No amount of sighting reports, even well-witnessed, unexplained ones, are going to provide proof of the reality of ETs visiting us, as Redfern admits. But what if the British Government has crashed saucers in its possession - undeniable evidence of UFO reality? I read this chapter eagerly, impatient to see the revelations that would make Roswell seem insignificant. So, where do we start? Er, Roswell, actually. But we are also promised a handful of other reports which suggest that several alien vehicles have come to grief on British soil.

One of these UFOs was a Foo Fighter which crashed in Britain during the Second World War. The source of this information is a fellow who told Leonard Stringfield that he had seen alien bodies at Wright-Patterson Air Force Base, after a UFO crash in Arizona. This man had also heard rumours about the crash of the Foo Fighter. This was confirmed by John Lear, who told him that the object was later strapped to a B-17 and flown to the USA for analysis.

We also learn that British military personnel were involved in the recovery of a UFO which crashed on German soil in the early 1960s . And the source for this one? Robert Dean, who has divulged an extraordinary amount of information concerning NATO's involvement in the UFO puzzle.

Apart from a few other reports from such notoriously unreliable characters as Stringfield and Dean, there are accounts of things crashing to the ground and being retrieved by military personnel. Well, bits and pieces do sometimes fall off military planes, and there are such things as remotely piloted aircraft which may come down where they are not supposed to, but such possibilities are unlikely to excite the average punter.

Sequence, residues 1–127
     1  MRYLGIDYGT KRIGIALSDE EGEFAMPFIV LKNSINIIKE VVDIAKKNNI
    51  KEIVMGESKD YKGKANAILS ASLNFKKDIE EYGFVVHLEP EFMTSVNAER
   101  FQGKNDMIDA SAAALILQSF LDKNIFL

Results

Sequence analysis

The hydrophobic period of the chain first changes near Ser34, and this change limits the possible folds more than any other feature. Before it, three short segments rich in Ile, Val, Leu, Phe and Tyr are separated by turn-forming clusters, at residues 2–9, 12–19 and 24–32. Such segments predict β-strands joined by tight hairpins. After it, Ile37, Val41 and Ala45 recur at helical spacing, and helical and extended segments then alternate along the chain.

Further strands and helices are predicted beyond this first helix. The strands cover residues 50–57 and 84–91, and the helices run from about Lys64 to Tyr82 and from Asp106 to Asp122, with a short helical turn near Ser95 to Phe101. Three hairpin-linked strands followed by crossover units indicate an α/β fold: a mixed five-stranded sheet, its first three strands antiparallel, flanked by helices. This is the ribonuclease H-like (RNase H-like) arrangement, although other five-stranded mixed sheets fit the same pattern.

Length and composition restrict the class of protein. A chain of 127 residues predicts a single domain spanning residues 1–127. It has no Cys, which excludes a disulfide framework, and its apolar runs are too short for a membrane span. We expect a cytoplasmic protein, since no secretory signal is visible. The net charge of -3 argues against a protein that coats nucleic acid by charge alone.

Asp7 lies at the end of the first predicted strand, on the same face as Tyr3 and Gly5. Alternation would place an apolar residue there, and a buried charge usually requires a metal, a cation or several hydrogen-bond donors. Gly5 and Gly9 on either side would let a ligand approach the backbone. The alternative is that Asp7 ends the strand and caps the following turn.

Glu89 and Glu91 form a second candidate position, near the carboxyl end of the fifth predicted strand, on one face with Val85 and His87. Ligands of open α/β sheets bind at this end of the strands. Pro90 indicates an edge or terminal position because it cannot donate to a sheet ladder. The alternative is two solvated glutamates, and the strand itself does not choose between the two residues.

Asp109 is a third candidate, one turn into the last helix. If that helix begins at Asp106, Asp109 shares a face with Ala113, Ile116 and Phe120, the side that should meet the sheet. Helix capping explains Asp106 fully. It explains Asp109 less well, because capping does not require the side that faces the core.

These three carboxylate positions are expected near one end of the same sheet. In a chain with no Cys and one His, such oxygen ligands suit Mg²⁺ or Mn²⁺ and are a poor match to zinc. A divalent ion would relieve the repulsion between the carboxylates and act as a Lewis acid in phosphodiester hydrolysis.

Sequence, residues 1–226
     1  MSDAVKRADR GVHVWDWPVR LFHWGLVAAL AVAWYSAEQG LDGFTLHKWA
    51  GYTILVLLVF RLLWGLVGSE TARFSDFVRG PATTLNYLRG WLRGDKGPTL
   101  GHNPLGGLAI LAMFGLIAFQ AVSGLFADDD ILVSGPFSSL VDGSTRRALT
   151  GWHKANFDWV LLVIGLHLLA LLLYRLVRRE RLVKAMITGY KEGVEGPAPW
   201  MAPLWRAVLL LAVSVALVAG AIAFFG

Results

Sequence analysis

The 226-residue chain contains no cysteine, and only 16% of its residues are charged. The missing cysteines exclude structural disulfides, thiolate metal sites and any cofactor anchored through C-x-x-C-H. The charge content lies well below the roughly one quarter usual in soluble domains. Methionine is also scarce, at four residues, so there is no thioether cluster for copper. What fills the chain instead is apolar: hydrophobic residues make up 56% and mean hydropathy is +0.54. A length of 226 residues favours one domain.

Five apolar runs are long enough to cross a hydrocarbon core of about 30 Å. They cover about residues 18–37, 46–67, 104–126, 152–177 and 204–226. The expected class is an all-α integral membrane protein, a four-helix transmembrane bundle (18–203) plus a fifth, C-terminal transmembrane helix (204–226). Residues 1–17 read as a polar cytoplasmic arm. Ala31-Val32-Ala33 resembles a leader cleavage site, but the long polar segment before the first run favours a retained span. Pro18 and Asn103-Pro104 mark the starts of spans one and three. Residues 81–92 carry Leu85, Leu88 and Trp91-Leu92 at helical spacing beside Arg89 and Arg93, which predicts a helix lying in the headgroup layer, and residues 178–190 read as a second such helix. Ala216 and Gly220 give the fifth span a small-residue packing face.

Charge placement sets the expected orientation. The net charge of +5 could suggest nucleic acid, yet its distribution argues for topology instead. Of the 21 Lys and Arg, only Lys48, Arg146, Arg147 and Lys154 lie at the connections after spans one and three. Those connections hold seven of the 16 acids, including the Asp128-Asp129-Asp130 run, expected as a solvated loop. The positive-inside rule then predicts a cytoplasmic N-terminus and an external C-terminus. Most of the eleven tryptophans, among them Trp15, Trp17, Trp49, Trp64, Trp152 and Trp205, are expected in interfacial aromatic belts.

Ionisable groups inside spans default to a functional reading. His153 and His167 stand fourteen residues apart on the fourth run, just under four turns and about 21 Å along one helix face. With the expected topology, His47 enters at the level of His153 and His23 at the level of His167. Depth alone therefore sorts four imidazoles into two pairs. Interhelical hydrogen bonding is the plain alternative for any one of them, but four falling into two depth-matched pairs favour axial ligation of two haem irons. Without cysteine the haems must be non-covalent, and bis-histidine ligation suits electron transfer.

We are given no evidence that would convince any reasonably sane person that the MoD is in possession of crashed UFOs and living or dead ETs. This idea is strictly for the lunatics whose idea of fun is to go trespassing on MoD property: their absurd exploits can be read about in the glossy UFO magazines.

Redfem obviously wants to rise above the idiotic trash presented in such publications, so he gives us a lot of interesting material about the organisation of the MoD and security services and how they are, or may be, involved in the investigation of UFO reports. It is thus a pity that he takes such an apparently uncritical view of many of the reports he presents, and gives the impression of taking seriously some of the more crackpot theories.

For example, he was told by a woman working for Marconi at Frimley that one night a security guard had encountered a humanoid (but decidedly non-human) creature in an office, reading top secret files. This apparition quickly de-materialised - presumably beamed up by Scottie. He then goes on to mention the remote-viewing notions once entertained by the US Defense Intelligence Agency and comments: "Perhaps, somewhere else in the universe, such techniques have already been perfected, to the extent that a living organism can now literally come and go at will, completely unhindered by our seemingly rigid physical laws". Oh, come off it! If the ETs could do this, then why would they need their flying saucers?

A Covert Agenda contains material that has the makings of a serious work on UFO reports and official investigations of them, but it makes so many concessions to uncritical UFO believers that serious readers will be put off. Of course, if Redfern had thrown out all the rubbish, or assessed it in a rational, scientific manner, the publishers would not have been interested. They know that there are a lot of nutters out there. -- Reviewed by John Harney, first published in Magonia 62, February 1998.